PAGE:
Zadar’s “Sea Organ” was designed by Nikola Bašić and built in 2005. Born out of the paving stone steps are 35 organ pipe holes, which emit “unworldly” tones. Reviewers advise coming here after dark to see the light show, which accompanies the sounds and rhythm created by the waves.
Another nature-powered creation by Nikola Bašić is the “Greeting to the Sun”. The circle is illuminated by photovoltaic cells – meaning they convert sunlight directly into electricity – and it depicts the solar system via a series of mesmerising colours and patterns.
Both of these sights will be amazing to see on an evening stroll around Zadar city.
The Forum* is a 45 x 90m municipal square from the Roman era, built from 1st century BC to the 3rd century AD. It is located in front of St. Donat’s church (the largest Byzantine building in Croatia) and the Roman Catholic Archdiocese – two more great sights to see in Zadar.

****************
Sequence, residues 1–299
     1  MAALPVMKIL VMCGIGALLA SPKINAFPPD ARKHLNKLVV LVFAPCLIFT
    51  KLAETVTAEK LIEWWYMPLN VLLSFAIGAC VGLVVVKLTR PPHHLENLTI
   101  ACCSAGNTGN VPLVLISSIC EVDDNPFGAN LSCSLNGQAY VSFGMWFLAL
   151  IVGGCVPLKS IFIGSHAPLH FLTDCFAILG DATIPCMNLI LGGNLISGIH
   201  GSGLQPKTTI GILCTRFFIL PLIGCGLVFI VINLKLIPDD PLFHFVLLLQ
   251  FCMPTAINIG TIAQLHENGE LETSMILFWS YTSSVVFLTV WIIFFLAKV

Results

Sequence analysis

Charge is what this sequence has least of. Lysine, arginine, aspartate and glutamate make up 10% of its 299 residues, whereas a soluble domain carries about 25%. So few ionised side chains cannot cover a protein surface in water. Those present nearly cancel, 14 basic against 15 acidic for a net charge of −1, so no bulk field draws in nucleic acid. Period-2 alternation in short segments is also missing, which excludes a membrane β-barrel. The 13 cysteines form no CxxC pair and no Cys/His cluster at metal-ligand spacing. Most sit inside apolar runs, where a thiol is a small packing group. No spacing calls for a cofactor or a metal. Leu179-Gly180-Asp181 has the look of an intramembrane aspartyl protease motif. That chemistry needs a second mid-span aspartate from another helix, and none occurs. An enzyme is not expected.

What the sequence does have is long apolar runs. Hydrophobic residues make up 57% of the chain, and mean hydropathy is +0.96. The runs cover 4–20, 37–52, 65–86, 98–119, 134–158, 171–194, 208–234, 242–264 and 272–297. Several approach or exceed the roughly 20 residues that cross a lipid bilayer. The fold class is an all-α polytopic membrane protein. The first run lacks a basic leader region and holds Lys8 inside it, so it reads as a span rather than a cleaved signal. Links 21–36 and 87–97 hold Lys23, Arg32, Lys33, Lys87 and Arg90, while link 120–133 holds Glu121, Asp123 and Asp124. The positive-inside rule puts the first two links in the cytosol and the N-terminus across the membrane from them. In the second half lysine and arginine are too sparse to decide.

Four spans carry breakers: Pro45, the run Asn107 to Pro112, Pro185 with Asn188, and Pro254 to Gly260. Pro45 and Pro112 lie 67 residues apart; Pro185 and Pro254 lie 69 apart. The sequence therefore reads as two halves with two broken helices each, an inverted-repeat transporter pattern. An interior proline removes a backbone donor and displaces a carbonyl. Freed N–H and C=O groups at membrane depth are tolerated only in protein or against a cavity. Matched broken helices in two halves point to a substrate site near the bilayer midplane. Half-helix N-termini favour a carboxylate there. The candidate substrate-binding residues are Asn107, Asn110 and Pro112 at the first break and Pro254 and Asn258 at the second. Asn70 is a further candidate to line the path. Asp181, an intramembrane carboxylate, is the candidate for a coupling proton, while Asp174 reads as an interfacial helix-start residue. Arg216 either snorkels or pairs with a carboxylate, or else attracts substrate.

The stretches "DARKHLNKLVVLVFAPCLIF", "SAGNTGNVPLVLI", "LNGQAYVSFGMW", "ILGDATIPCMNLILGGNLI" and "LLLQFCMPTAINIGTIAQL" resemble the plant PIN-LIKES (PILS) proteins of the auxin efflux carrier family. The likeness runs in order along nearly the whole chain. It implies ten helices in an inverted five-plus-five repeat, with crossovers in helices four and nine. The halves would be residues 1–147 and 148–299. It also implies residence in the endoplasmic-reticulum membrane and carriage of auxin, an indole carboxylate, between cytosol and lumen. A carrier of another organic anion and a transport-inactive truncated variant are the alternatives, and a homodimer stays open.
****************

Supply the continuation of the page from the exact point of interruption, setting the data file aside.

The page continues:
* “Forum” is what all the main squares in the cities of ancient Roman Empire were called.
Queen Jelena Madije Park
Queen Jelena Madije is an absolutely outstandingly beautiful park. Sorry, there are no photographs; I couldn’t find any that were licensed for free use. But please go check it out for yourself on Google. I will post my own photographs when I go here.
This park was founded by Baron Franz Ludwig von Welden – an Austrian commander and botanist – in 1829.
Museum Of Illusions
I’m so excited to see this!
Zadar’s Museum of Illusions offers various visual, sensual and educational experiences to trick your eyes and entertain your minds.
Some of these include:
I can already see this being one heck of a laugh!
June to September: MON – SUN: 9 – Midnight
October to November: MON – SUN: 10 – 20hr
December to March: MON – SUN: 10 – 16hr